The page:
Mar 22, 2017

Why Magnesium is important and how you can obtain it from plant-based sources?


As I had written sometime back, migraine and I go a long way. While reading up about migraine, I learned that increasing magnesium intake can reduce migraine attacks. So I started researching about the importance of magnesium and its sources. Though we all understand that calcium and iron are important for our physical wellbeing, there are other minerals that are equally important for various body functions.

Essential minerals that our body requires are divided into major minerals (macrominerals) and trace minerals (microminerals). Magnesium falls under the category of major minerals.

Magnesium helps
- to maintain the normal functioning of nerves and muscles
- to keep the bones strong
- to maintain a steady heart rate
- to improve immunity
- to regulate blood glucose levels
- to prevent and manage lifestyle diseases such as diabetes, high blood pressure and heart disease
- in the production of energy and protein synthesis
- in regulating body temperature
- in the treatment of migraine, insomnia, depression, anxiety and panic attacks

Recommended daily intake (RDI) of magnesium:

4 - 8 years => 130 mg/day

Boys 9 - 13 years => 240 mg/day
Boys 14 - 18 years => 410 mg/day

Girls 9 - 13 years => 240 mg/day
Girls 14 - 18 years  => 360 mg/day

Men, 19 - 30 years => 400 mg/day
Men, > 30 years => 420 mg/day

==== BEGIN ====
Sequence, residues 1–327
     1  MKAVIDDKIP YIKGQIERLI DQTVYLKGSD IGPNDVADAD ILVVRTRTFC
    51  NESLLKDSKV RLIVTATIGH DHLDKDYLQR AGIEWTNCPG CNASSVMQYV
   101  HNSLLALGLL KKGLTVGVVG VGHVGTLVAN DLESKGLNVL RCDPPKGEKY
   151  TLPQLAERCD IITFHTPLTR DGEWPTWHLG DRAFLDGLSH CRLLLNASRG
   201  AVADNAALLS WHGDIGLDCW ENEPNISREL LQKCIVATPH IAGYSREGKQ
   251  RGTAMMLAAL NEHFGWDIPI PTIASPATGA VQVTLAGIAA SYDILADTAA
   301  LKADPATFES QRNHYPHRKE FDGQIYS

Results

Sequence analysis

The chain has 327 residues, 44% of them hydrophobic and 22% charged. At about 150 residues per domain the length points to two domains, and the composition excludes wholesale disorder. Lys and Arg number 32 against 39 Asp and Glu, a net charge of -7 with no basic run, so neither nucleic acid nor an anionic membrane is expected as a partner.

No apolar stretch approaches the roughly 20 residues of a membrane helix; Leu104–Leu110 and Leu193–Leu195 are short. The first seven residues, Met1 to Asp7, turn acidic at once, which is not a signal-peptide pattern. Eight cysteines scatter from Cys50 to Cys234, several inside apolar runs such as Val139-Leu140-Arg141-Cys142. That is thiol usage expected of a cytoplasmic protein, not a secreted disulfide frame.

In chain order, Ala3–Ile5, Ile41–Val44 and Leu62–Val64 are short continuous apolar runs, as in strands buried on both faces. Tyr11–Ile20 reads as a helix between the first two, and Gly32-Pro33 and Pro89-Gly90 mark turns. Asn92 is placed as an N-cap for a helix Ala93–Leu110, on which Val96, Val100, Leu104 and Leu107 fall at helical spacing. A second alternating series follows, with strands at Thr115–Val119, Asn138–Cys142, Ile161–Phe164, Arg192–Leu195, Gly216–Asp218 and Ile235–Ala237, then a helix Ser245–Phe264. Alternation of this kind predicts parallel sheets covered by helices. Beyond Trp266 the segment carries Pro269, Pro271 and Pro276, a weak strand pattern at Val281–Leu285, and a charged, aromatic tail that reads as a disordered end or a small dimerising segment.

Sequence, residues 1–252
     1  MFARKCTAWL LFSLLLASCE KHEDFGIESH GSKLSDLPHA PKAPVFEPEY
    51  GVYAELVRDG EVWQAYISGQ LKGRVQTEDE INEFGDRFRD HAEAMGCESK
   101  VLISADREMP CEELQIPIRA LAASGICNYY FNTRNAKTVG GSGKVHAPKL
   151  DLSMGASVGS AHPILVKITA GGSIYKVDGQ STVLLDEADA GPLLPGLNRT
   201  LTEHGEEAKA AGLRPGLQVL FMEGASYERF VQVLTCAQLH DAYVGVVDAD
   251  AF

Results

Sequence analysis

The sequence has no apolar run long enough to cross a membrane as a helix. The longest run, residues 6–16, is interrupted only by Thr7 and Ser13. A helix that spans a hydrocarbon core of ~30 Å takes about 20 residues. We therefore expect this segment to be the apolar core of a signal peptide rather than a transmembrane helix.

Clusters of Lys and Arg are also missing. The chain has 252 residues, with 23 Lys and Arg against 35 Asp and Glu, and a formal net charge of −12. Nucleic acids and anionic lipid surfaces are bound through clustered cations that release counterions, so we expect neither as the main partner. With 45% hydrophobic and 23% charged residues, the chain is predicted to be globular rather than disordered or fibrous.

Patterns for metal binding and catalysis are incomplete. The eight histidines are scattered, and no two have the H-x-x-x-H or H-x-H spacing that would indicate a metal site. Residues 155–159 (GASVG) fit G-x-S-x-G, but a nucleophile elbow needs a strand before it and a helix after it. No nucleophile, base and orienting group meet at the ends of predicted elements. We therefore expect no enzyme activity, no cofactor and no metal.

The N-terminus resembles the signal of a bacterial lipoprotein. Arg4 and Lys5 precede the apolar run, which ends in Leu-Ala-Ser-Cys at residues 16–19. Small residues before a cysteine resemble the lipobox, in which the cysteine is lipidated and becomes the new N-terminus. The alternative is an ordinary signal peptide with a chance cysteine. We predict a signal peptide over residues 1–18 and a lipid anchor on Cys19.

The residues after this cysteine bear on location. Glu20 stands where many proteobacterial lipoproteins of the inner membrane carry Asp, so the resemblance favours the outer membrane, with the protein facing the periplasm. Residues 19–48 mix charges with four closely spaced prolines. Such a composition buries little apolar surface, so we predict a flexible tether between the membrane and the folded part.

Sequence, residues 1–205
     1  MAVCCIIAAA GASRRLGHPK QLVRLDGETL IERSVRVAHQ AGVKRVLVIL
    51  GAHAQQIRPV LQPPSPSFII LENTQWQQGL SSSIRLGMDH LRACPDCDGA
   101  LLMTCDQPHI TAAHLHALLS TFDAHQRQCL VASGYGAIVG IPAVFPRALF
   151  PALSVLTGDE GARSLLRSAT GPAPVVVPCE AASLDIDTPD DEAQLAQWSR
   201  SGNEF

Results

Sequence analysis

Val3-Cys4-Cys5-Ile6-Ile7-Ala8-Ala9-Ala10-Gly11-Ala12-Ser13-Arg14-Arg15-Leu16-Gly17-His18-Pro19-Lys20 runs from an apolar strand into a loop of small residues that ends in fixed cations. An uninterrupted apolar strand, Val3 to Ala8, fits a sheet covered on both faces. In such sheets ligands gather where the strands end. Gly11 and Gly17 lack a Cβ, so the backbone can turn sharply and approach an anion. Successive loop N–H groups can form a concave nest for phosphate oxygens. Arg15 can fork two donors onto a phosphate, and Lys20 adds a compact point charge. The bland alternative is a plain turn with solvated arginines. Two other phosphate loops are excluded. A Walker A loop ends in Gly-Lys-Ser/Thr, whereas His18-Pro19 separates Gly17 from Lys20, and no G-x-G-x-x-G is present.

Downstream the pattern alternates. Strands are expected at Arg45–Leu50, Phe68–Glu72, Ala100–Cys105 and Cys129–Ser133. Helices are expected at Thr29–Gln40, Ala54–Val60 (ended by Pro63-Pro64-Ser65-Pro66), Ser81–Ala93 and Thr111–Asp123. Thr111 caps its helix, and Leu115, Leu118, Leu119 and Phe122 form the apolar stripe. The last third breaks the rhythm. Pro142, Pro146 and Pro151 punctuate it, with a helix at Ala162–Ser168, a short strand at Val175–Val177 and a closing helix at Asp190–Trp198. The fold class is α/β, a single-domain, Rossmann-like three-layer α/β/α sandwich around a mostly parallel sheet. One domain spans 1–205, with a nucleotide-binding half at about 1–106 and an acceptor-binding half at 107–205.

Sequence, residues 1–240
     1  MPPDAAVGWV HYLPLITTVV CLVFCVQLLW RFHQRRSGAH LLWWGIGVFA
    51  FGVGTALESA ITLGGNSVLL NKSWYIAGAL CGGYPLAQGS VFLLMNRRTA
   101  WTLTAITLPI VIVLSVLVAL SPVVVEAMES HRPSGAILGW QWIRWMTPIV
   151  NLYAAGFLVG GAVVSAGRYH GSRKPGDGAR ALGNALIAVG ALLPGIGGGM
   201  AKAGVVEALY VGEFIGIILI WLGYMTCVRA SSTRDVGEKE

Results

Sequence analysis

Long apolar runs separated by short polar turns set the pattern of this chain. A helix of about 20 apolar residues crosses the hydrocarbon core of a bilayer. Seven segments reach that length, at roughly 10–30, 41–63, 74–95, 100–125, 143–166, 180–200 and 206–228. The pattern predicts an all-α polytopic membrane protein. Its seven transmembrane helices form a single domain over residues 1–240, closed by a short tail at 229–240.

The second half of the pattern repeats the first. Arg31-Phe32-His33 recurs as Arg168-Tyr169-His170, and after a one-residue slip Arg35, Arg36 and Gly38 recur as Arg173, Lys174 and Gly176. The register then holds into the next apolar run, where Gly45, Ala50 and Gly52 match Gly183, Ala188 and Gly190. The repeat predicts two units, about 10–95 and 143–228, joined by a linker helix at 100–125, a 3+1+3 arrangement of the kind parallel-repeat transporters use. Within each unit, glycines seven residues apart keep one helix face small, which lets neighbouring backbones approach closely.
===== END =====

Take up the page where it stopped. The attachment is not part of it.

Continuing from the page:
Women, 19 - 30 years => 310 mg/day
Women, > 30 years => 320 mg/day


Sources Magnesium per 100 gms


Grains/Cereals
Amaranth seeds, pale brown 270 mg
Ragi 146 mg
Maize, dry 145 mg
Jowar 133 mg
Wheat flour, atta 125 mg
Bajra 124 mg
Varagu 122 mg
Rice, raw, brown 94 mg
Samai 91 mg


Legumes/Pulses
Cowpea (brown and white) 213 mg
Moth bean 205 mg
Green gram, whole 198 mg
Black gram, whole 190 mg
Black gram, dal 173 mg
Field bean, brown 173 mg
Rajma, red 173 mg
Bengal gram, whole 160 mg
Horsegram 152 mg


Green leafy vegetables
Amaranth leaves, green 194 mg
Curry leaves 182 mg
Amaranth leaves, red 177 mg
Basella leaves 153 mg
Beet greens  120 mg
Mint leaves 110 mg
Drumstick leaves 97 mg
Spinach 87 mg
Coriander leaves 73 mg


Vegetables
Cluster beans 82 mg
Ladiesfinger 66 mg
Water chestnut 57 mg
Ginger 55 mg


Fruits
Tamarind, pulp 83 mg
Dates, pale brown 74 mg
Banana, ripe, poovam 44 mg


Spices and Condiments
Cumin seeds 442 mg
Poppy seeds 393 mg
Coriander seeds 343 mg
Cloves 334 mg
Cardamom, green 330 mg
Cardamom, black 286 mg
Ajwain (Omum) 273 mg
Turmeric powder 260 mg
Chillies, red 231 mg
Pepper 196 mg
Pipali (long pepper) 189 mg
Fenugreek seeds 167 mg
Asafoetida 96 mg


Nuts&Seeds
Sunflower seeds 413 mg
Till / Sesame seeds, black 390 mg
Till / Sesame seeds, white 372 mg
Till / Sesame seeds, brown 328 mg
Almonds 318 mg
Cashewnuts 307 mg
Mustard seeds 266 mg
Walnuts 180 mg


Jaggery 115 mg


1) Most of the legumes/pulses we use in Indian cooking on a daily basis contain adequate amounts of magnesium
2) Magnesium is present in very less quantity in vegetables and fruits. Including greens in your daily diet will provide the required intake
3) When compared with the list of calcium-rich and iron-rich plant sources that I had compiled earlier, there are many common sources that are good in magnesium as well - curry leaves, mint leaves, ragi, cowpeas, till seeds etc
4) It is no wonder that our age-old home remedy for migraine attacks include chewing cloves or drinking a glass of warm jeera water. Both cloves and cumin seeds are rich in magnesium
5) Maize can be incorporated in the form of home-made popcorn using minimal oil and salt

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